It seems daft to dismiss “scientific diet research” upon the basis of most people not using any real scientific methodology. I agree that it would be folly to believe any of it, but there is no reason to not have some standards instead.
Slight hyperbole here (probably from frustration), but it’s a good starting position. Anything you hear, 99.999% of all dietary results (that might even be low) will be misleading or wrong. Even For Sure This Is Our Really Important Super Scientific Confirmed National Policy stuff like cholesterol, wrong. Eggs, wrong. Salt, wrong. Even ‘drink lots of milk for healthy bones’ looks possibly wrong now (better to just say f@#$ it and drink milk if you want to drink milk). The minor stuff is almost certainly wrong, like this tomato study and the kiwi study.
If anything is generic enough that it holds up for 30 years, like ‘you should probably eat more veggies’ then you can make a rare exception.
“cabbage ---- innie belly button”
What a classic!
I’m reminded of The Sleeper:
Dr. Aragon: You must understand that everyone you knew in the past has been dead nearly two hundred years.
Miles Monroe: But they all ate organic rice!
“All”? Really? The post itself even admits that “Tiny, difficult-to-disentangle effects” may have some merit. I’d also argue that the media makes a much bigger deal of certain studies than it should, which undermines the credibility of more rigorously conducted studies. There is also the perception that science “flip-flops” on what’s good for you (or not) over time, but I’d also argue that this is driven by the media and a lack of writers without good scientific backgrounds report on crappy studies with over-reaching conclusions as if they are the be-all-end-all of what’s known in the field. Hard-core nutritional epi folks know that association does not equal causation and are appropriately cautious in stating their conclusions and whether or not they should have an impact on clinical care or public health.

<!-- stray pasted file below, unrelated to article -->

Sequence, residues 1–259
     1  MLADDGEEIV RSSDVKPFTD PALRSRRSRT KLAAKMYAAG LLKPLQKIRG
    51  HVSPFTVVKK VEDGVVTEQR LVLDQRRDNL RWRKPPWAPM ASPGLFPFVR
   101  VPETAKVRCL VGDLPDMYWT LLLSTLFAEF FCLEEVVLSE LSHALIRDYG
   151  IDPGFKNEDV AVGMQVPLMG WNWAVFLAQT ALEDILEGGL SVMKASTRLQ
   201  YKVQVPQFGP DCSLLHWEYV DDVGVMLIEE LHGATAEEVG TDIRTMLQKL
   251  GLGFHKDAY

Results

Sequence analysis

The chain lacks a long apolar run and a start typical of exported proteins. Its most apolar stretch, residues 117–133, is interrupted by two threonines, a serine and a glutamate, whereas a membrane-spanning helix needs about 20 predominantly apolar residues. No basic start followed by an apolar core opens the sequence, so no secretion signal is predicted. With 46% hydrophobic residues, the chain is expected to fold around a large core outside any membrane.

And while I do agree that there are some biases, confounding, and individual human/genetic/metabolic variations that need to be considered when interpreting the findings from nutritional epidemiology studies (http://www.ncbi.nlm.nih.gov/pmc/articles/PMC2921609/), to discount the field as a whole seems a bit short-sighted. Perhaps someone from the Harvard School of Public Health program in Nutritional Epi http://www.hsph.harvard.edu/nutrition/programs-offered/prospective-students/nutritional-epidemiology/) or the NIH (http://dceg.cancer.gov/about/organization/programs-ebp/neb) would care to chime in and defend the claim that their life’s work is “bullshit”? In particular, I’d point to nutritional epi as the basis for important discoveries such as prenatal folic acid and neural tube defects, calcium and bone health/osteoporosis, alcohol and fetal alcohol syndrome as well as certain types of cancer, and a handful of other foods/nutrients that have relatively well-accepted and moderately strong associations with particular diseases or medical conditions.
This showed up in my FB feed this AM. Seems appropriate.
Alors, je ne parlerai plus en anglais : c’est bien moins dangereux.
This just showed up in my RSS feed:
Obviously, doctors are angry that this one weird trick has been revealed!
Just off the top of my head, they’re all less (or far less) obese than Brits or Merkins?
Peut-être, mais signifie-t-il qu’il existe une corrélation entre l’obésité et la langue anglaise? En ce cas, plus sûr de renoncer à l’anglais, hein?
Wobei es auch adipöse Franzosen gibt - sind das dann diejenigen, die gut Englisch sprechen?
Do the French ever admit to speaking English?
if my theory is valid you can recognize them anyway : )
Wait wut? EXTRA NIPPLES???!!!???
how many ass-cheek nipples would be considered “EXTRA”?
i’m asking for a friend, i of course, totally have the normal number of ass-cheek nipples.
Under the circumstances, I’m surprised that anyone admits to speaking English - it’s a heart attack waiting to happen.
Liberté Egalité Fraternité.
Anglophones get stuck on Liberté.